Naming a non-relative, like a caregiver, as a beneficiary to your estate is not without risk, especially if you are survived by a spouse, children and other blood relatives. One of the biggest risks is that a relative could attempt to challenge the validity of your will, trust or other estate documents that include a transfer of assets to a non-relative. Another issue is the potential tax implications on your estate if you decide to transfer certain assets to a non-relative. This is why it is so important to engage in proper estate planning with an experienced estate planning attorney.
Naming close friends and other non-relatives, such as your caregiver, as a beneficiary in your estate can be a risky proposition, especially if you are survived by a spouse and/or blood relatives like children, siblings, etc. One of the biggest risks is that a blood relative could view the addition of a non-relative as a beneficiary of your estate as either improper or based upon fraud or undue influence. This could lead to a scenario where a blood relative, or relatives, dispute the validity of your estate and the designation of a non-relative as a beneficiary. This could result in costly and time-consuming litigation.
This is a fairly common legal issue in trust and estate planning since many elderly individuals develop, over time, close personal relationships with their caregivers. Some caregivers may even become like part of the family since you interact with them on a daily basis and they are literally there to assist you when you need help.
If you have become close with a caregiver and are considering adding them as a beneficiary in your will, trust or other estate planning documents, you need to take appropriate steps to ensure the beneficiary designation is done properly and your estate is protected from potential legal challenges that could be pursued by other individuals.
Is there a financial risk when naming a non-relative as a beneficiary to a retirement account?
If you are interested in naming a non-relative, especially someone other than your spouse, as the beneficiary of a retirement account, think twice. Or, at the very least, approach this option with extreme caution. Why? Because naming a non-relative as the primary beneficiary over your spouse has major financial implications for the retirement account and your overall estate. For example, only spouses are legally able to roll retirement plan assets into their own retirement accounts. Conversely, if a non-relative, like a caregiver, is named the beneficiary of your 401(k) plan or Roth IRA, they will generally be required to begin taking required minimum distributions soon after you pass on. The required minimum distributions will be based on their age. Furthermore, if you name someone other than a spouse as the beneficiary of your retirement account, the assets in that account will be included in the overall value of your estate for the purposes of calculating any potential federal estate taxes.
Risks associated with naming a non-relative over a relative as a beneficiary in your estate
|Potential dispute resulting in litigation
|Potential negative tax implications
|Potential drain on your estate assets
|Naming a non-relative as a beneficiary in your will
|Naming a non-relative as a beneficiary to your retirement account
|Naming a non-relative as a beneficiary to your life insurance policy
|Naming a non-relative as a beneficiary in a trust
If you want to transfer assets to a non-relative, consider establishing a revocable living trust. This type of trust provides the means for you to maintain control over your assets, even after your death, and the designation of beneficiaries is more flexible. When you properly establish a trust, you can communicate how you want the trust assets to be managed, the circumstances under which they can be distributed and when the trust assets should be withheld. For example, if you want to leave assets to the children of your lifelong best friend, you can include stipulations about the age at which the children can gain access to the trust assets.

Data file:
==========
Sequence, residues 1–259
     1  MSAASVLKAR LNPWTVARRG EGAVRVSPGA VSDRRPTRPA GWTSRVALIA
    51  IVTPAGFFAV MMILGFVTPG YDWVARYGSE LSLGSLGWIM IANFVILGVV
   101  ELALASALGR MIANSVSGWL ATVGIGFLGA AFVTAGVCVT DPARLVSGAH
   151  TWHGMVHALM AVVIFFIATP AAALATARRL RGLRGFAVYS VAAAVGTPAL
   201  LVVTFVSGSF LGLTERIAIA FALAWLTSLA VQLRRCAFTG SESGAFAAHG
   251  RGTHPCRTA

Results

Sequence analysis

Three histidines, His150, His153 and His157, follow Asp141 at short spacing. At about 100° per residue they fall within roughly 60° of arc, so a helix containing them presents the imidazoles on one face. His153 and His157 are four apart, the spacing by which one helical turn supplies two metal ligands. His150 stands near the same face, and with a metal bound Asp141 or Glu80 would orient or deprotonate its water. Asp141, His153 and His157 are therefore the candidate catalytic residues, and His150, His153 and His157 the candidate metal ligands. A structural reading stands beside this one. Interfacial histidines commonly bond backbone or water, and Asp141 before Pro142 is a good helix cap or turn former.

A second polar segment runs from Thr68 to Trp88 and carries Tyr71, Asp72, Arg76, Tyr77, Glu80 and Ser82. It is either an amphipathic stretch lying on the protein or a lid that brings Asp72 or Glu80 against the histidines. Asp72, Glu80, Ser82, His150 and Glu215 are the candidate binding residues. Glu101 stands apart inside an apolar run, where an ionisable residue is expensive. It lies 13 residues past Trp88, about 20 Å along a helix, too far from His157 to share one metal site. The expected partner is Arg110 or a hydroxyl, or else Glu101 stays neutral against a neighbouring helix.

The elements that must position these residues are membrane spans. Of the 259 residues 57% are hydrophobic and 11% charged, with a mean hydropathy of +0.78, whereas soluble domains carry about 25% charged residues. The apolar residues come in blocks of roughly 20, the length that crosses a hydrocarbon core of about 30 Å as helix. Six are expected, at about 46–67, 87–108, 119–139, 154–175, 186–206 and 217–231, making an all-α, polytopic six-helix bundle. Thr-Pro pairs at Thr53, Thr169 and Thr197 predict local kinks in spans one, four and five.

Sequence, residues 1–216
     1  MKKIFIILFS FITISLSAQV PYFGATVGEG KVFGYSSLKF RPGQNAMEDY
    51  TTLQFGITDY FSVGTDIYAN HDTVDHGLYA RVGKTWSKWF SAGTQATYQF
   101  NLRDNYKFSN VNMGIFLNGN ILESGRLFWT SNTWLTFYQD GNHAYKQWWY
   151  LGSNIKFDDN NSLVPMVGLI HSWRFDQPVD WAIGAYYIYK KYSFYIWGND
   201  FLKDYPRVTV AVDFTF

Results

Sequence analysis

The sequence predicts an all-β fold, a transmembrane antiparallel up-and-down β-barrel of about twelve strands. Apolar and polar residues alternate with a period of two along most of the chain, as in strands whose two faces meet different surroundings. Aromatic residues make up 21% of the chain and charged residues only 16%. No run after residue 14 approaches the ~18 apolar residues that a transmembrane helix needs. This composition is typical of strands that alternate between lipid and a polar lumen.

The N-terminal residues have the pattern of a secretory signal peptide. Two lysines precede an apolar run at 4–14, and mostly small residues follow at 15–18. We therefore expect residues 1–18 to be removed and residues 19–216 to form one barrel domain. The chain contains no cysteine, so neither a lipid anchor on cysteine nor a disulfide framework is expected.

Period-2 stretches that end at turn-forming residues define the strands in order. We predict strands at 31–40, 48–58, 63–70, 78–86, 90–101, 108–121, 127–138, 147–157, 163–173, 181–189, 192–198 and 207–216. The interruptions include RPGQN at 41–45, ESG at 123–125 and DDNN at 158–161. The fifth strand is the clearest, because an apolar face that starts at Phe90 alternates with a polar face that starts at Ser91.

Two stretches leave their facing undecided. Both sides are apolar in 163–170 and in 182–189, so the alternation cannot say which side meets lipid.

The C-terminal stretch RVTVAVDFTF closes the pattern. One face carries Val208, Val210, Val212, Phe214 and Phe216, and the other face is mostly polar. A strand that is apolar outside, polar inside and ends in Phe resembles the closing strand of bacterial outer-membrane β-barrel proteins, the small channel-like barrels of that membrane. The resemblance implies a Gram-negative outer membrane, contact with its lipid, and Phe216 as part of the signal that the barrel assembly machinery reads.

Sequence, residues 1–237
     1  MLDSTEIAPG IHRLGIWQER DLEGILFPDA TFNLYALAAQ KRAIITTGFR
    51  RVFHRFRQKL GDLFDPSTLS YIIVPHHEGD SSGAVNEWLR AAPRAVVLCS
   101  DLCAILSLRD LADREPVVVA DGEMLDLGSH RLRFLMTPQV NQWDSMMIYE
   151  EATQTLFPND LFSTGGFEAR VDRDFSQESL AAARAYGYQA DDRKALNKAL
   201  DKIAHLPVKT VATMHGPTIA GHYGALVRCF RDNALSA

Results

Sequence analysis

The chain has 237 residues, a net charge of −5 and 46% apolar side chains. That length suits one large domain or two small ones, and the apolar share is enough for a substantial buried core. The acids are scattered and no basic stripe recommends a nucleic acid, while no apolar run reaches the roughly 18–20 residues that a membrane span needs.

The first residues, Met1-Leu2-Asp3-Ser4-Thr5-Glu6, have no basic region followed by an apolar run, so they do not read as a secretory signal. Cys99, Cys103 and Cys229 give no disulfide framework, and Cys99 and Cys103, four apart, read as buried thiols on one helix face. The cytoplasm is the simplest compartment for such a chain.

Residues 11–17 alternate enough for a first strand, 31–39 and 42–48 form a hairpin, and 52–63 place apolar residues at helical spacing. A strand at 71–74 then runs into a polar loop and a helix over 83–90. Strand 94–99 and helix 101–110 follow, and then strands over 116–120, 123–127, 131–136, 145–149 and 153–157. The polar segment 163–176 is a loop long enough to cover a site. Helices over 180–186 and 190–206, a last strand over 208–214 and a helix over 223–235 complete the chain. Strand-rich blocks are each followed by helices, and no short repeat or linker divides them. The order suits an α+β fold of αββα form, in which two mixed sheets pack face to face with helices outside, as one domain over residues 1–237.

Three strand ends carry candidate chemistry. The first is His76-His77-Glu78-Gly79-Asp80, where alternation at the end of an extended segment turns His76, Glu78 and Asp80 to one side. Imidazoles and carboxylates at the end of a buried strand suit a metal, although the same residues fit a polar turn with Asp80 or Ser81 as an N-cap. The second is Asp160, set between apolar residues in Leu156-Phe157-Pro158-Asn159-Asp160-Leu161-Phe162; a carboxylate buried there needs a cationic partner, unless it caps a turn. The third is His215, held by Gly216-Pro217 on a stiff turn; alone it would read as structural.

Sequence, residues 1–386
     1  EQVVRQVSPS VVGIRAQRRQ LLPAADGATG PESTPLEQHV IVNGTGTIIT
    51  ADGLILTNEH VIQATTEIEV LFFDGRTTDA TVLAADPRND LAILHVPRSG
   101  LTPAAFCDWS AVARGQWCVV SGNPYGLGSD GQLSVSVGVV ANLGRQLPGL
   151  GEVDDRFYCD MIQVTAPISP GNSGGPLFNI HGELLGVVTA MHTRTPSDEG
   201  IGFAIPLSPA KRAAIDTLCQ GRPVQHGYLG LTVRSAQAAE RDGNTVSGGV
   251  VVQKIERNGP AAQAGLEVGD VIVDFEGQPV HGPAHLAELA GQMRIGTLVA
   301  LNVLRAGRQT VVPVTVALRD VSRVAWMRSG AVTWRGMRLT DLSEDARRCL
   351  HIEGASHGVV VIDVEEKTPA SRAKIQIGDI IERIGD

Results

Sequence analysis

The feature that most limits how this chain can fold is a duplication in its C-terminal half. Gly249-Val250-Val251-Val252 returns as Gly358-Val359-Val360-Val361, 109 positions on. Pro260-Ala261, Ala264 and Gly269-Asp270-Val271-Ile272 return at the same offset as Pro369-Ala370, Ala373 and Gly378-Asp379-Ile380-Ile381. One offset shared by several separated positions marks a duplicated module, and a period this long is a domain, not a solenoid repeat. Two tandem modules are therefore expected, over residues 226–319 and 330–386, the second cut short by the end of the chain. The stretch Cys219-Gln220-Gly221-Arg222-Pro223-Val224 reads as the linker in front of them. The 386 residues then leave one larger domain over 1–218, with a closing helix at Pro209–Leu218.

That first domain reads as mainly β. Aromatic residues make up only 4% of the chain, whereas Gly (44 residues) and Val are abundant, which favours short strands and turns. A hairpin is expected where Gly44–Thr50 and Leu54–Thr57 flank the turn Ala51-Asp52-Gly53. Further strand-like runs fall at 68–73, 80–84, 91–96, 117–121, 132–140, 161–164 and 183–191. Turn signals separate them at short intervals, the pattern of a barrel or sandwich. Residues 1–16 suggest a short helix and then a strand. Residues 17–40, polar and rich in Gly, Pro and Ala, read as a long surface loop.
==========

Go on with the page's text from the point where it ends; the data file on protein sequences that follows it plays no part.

A trust can also be a great tool for transferring assets to non-relative adults (e.g., a caregiver, a close friend, a charitable organization, etc.) while potentially reducing your estate tax burden and allowing you to maintain a level of control over the assets, even after you have passed on. There are also an array of different trusts that can be created to suit your particular needs. Here is a brief overview of just some of the trusts that can created:
- Revocable trust
- Irrevocable trust
- Charitable trust
- Special needs trust
- Constructive trust
- Spendthrift trust
- Tax bypass trust
- Totten trust
Depending on your specific circumstances, it may be prudent to consider giving a non-relative, like a caregiver, certain assets during your lifetime to take advantage of any annual gift tax exclusion and your lifetime gift tax exclusion. For example, you could create a 529 plan intended to help cover the educational expenses for the non-relative. With a 529 account, you generally maintain control of the account until the funds are withdrawn. As a result, part of your estate plan may be to update the successor designation to stipulate who will take over management of the 529 account when you pass on.
As you can see, there are multiple options available for you to leave a non-relative your hard-earned assets. But you need to make sure it is done properly and with legal precision to reduce the risk of potential litigation. This is why it makes sense to schedule a meeting with Legacy Assurance Plan. Becoming a member means you will gain access to valuable resources and guidance to develop a comprehensive estate plan that honors your memory and wishes. Legacy Assurance Plan members also receive peace of mind that a team of trusted, experienced professionals will assist them in developing effective legal, financial and tax strategies.